Republicans unveil defense strategy ahead of public impeachment hearings

Republicans on the House committees conducting the impeachment inquiry into President TrumpDonald John TrumpBiden leads Trump by 36 points nationally among Latinos: poll Trump dismisses climate change role in fires, says Newsom needs to manage forest better Jimmy Kimmel hits Trump for rallies while hosting Emmy Awards MORE outlined their strategy for defending him in a new memo focused on "four key pieces of evidence" they say are "fatal" to Democrats' allegations about Trump's dealings with Ukraine. 

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The Republicans argue in the memo that the summary of a July 25 call between Trump and Ukrainian President Volodymyr Zelensky "shows no conditionality or evidence of pressure," according to memo, which was obtained by The Hill but first reported by Axios. 

According to the GOP House members, evidence supporting Trump also includes: "President Zelensky and President Trump have both said there was no pressure on the call; The Ukrainian government was not aware of a hold on U.S. security assistance at the time of the July 25 call; and President Trump met with President Zelensky and U.S. security assistance flowed to Ukraine in September 2019 — both of which occurred without Ukraine investigating President Trump’s political rivals."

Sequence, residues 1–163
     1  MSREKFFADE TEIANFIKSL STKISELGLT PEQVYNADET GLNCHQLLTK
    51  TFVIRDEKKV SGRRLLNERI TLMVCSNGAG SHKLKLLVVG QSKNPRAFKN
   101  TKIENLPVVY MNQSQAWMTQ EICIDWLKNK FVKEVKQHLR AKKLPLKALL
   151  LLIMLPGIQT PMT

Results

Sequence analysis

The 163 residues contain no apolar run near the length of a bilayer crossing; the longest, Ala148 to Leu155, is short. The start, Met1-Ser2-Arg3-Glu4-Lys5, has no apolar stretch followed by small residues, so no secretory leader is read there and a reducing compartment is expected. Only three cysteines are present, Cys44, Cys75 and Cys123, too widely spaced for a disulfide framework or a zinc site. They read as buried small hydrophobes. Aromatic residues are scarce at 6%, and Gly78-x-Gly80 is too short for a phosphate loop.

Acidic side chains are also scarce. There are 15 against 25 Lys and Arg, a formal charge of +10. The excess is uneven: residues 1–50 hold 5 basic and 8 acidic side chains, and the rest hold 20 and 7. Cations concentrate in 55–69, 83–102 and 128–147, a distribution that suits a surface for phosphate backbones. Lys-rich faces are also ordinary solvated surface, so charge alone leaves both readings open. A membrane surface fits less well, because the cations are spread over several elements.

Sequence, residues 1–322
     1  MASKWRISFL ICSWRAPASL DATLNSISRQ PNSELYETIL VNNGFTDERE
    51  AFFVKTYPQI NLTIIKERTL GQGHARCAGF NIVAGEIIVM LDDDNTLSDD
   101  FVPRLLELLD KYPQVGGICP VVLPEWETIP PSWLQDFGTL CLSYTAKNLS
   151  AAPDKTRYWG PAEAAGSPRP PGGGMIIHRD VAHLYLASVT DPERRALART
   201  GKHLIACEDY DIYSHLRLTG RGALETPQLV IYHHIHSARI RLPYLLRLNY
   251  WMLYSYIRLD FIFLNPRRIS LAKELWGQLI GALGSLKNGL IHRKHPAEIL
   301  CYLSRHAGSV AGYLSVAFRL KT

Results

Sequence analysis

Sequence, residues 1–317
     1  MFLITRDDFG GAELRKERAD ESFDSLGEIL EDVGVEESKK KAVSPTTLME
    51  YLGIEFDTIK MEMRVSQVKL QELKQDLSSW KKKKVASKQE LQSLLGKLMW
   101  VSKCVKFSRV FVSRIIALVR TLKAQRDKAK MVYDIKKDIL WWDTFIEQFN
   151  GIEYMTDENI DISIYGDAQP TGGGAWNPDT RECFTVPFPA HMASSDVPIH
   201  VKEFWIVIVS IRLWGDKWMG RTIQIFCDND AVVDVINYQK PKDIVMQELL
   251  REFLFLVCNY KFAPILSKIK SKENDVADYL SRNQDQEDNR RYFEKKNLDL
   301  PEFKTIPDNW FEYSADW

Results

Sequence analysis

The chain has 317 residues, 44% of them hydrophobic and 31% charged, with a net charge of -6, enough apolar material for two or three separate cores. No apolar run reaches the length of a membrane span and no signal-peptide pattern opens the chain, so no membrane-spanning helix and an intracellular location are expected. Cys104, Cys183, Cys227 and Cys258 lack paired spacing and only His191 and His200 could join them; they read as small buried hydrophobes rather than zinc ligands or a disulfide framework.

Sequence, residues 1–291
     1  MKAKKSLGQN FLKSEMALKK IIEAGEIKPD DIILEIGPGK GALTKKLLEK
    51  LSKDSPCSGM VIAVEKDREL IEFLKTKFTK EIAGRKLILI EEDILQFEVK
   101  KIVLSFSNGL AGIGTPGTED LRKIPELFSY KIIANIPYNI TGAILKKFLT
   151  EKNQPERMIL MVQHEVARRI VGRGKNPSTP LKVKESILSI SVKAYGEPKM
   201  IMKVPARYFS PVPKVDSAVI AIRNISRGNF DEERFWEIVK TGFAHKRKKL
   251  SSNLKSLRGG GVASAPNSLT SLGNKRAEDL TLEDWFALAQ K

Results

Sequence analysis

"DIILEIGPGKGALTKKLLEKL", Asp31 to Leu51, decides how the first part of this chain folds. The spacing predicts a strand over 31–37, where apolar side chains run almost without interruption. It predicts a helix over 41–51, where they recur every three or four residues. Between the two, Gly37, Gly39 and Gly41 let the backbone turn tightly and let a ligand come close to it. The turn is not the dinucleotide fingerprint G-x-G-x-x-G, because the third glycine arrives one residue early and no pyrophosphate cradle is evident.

They add that the "evidence gathered does not establish an impeachable offense."

"The evidence shows that President Trump had a deep-seated, genuine, and reasonable skepticism toward Ukraine, and a vocal position that Europe should contribute more to regional defense," the GOP lawmakers state.

"The summary of President Trump's conversation with President Zelensky reflects no conditionality or pressure, and
President Zelensky himself said he felt no pressure," they continue. "President Trump never raised US. security assistance to President Zelensky, and ultimately the assistance was released and a presidential meeting occurred without Ukraine investigating the President's political rivals."

House Democrats launched an impeachment probe into Trump following revelations that he asked Zelensky to investigate Democratic presidential candidate Joe BidenJoe BidenBiden leads Trump by 36 points nationally among Latinos: poll GOP set to release controversial Biden report Can Donald Trump maintain new momentum until this November? MORE and his son after U.S. aid to Kyiv was withheld.

Trump has denied wrongdoing and said there was no quid pro quo, and Republicans have sought to defend him. 

Democrats, meanwhile, have held up claims from witnesses who testified behind closed doors in the impeachment inquiry who have said they believed aid to be conditioned on such an investigation or that there was a quid pro quo. 

Three witnesses are scheduled to testify publicly this week. 

Olivia Beavers contributed.

— This report was updated at 9:56 a.m.